Given that it is already widely believed that this group interpreted and/or manufactured evidence in a biased fashion with the intent of leading us into war with Iraq, it seems not at all unreasonable to think that part of this bias may have reflected what Wolfowitz and Feith perceived to be in the interest of Israel.
Consider also the following document that that Wikileaks released from Hillary Clinton’s email concerning the US’s motives for intervening in Syria:
“The best way to help Israel deal with Iran’s growing nuclear capability is to help the people of Syria overthrow the regime of Bashar Assad… Iran’s nuclear program and Syria’s civil war may seem unconnected, but they are. For Israeli leaders, the real threat from a nuclear-armed Iran is not the prospect of an insane Iranian leader launching an unprovoked Iranian nuclear attack on Israel that would lead to the annihilation of both countries. What Israeli military leaders really worry about — but cannot talk about — is losing their nuclear monopoly…
It is the strategic relationship between Iran and the regime of Bashar Assad in Syria that makes it possible for Iran to undermine Israel’s security — not through a direct attack, which in the thirty years of hostility between Iran and Israel has never occurred, but through its proxies in Lebanon, like Hezbollah, that are sustained, armed and trained by Iran via Syria. The end of the Assad regime would end this dangerous alliance…
Bringing down Assad would not only be a massive boon to Israel’s security, it would also ease Israel’s understandable fear of losing its nuclear monopoly. Then, Israel and the United States might be able to develop a common view of when the Iranian program is so dangerous that military action could be warranted.”
Other releases from Wikileaks have revealed that the US was funding anti-Assad propaganda campaigns as early as 2006 (Zirulnick, 2011). It wasn’t until 2011 that the Syrian civil war began, and by 2012 the war was settling down. Peace negations were being discussed and there was a cease fire. It was around this time that the US began secretly giving weapons, training, and money, to Islamist groups in Syria, several of which had been allowed to grow in the first place due to the US pull out of Iraq after we got rid of Saddam. Shortly there after, the war erupted into the blood bath that caused the refugee crisis. Meanwhile, the US would continue its process of selling weapons to people that would ultimately get them into the hands of ISIS members throughout Syria (Micheals, 2017). Again, it does not seem at all unreasonable to suggest that Israeli interests played at least a partial role in motivating US intervention.
Hopefully, these examples have communicated the problematic nature of Israeli influence on US politics.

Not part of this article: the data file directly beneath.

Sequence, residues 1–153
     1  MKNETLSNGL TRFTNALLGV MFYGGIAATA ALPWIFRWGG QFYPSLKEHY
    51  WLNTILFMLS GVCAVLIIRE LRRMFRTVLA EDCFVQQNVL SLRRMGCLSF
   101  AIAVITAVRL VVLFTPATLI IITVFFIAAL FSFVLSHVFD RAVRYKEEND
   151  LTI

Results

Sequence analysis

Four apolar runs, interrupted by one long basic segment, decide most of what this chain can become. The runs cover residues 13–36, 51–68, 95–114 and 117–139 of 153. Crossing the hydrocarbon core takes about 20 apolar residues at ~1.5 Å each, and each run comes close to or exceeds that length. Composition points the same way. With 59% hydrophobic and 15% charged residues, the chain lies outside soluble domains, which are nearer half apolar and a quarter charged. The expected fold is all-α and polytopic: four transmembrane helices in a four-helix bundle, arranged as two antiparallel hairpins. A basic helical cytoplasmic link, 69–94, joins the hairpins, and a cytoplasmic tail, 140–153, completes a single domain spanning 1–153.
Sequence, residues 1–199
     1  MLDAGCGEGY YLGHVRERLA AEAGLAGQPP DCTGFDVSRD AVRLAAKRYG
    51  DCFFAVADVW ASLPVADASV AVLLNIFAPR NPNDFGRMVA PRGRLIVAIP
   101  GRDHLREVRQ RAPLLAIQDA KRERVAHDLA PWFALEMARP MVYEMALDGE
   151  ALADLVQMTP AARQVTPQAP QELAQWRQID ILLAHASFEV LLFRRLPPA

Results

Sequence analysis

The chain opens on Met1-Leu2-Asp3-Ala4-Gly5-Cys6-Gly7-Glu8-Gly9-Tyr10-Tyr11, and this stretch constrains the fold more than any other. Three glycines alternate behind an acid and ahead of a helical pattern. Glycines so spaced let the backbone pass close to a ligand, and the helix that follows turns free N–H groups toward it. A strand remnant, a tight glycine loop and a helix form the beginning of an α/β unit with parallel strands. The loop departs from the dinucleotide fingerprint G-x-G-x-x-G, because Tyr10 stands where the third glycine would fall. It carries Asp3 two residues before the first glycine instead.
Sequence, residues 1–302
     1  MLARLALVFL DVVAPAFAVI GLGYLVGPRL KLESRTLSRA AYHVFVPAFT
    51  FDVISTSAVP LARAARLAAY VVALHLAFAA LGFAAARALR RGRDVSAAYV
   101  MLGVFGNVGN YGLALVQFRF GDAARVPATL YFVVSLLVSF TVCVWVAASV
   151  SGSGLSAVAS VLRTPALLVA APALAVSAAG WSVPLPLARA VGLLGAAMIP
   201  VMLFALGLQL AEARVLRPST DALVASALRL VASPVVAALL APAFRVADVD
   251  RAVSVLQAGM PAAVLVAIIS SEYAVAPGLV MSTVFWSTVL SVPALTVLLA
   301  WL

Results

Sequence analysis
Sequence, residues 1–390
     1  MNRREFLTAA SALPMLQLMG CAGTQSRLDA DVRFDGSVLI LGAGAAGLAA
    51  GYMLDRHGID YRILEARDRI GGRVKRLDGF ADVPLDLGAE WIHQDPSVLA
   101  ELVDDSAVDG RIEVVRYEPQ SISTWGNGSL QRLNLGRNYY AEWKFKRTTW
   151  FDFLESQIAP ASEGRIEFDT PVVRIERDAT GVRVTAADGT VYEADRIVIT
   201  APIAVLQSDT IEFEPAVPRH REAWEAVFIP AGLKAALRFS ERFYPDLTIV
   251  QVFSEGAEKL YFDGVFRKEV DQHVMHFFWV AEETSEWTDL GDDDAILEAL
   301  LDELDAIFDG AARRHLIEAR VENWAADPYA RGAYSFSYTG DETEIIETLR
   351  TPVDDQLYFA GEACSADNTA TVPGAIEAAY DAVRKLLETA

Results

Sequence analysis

Some feel that American elites have become less pro-Israel in recent years. This may be so, but this does not contradict the view that Jewish elites made us more pro-Israel than we otherwise would be. And the actions of the US government make it obvious that Israel is still supported by those in power in the ways that matter most.
Anyway, the leftist and Zionist influence of Jewish elites may at first glance seem at tension with one another but in fact they can both be explained in terms of what Jewish elites perceive to be in the interest of Jewish people.
Looking at data from the American Jewish Committee’s Annual Survey of American Jewish Opinion (years 1998 – 2003), we can see that American Jews consider the Religious Right to be among the most anti-Semitic groups in the US.
Given that the christian right is far more prevalent than Muslims in the US, it would be reasonable then for Jews to oppose the right in an effort to fight antisemitism.
This would explain why the AJC’s surveys also show that Jews who describe being Jewish as very important to them identify as Democrats rather than Republicans by larger margins than do Jews who describe being Jewish as fairly important or not very important to them.
(AJC binned “fairly important” and “not very important” together. Had they not, I suspect we would see an even stronger difference.)
Of course, being worried about antisemitism can lead to a general opposition to nativism if you think that discrimination against other minorities increases the probability of discrimination against Jews. This contention was lent some support by Cohen (2018) who found that the degree to which Jews thought other minorities were being discriminated against positively correlated with the degree to which they were concerned about antisemitism even after controlling for general political ideology, Jewish identity, and the rate of antisemitic incidents in their state.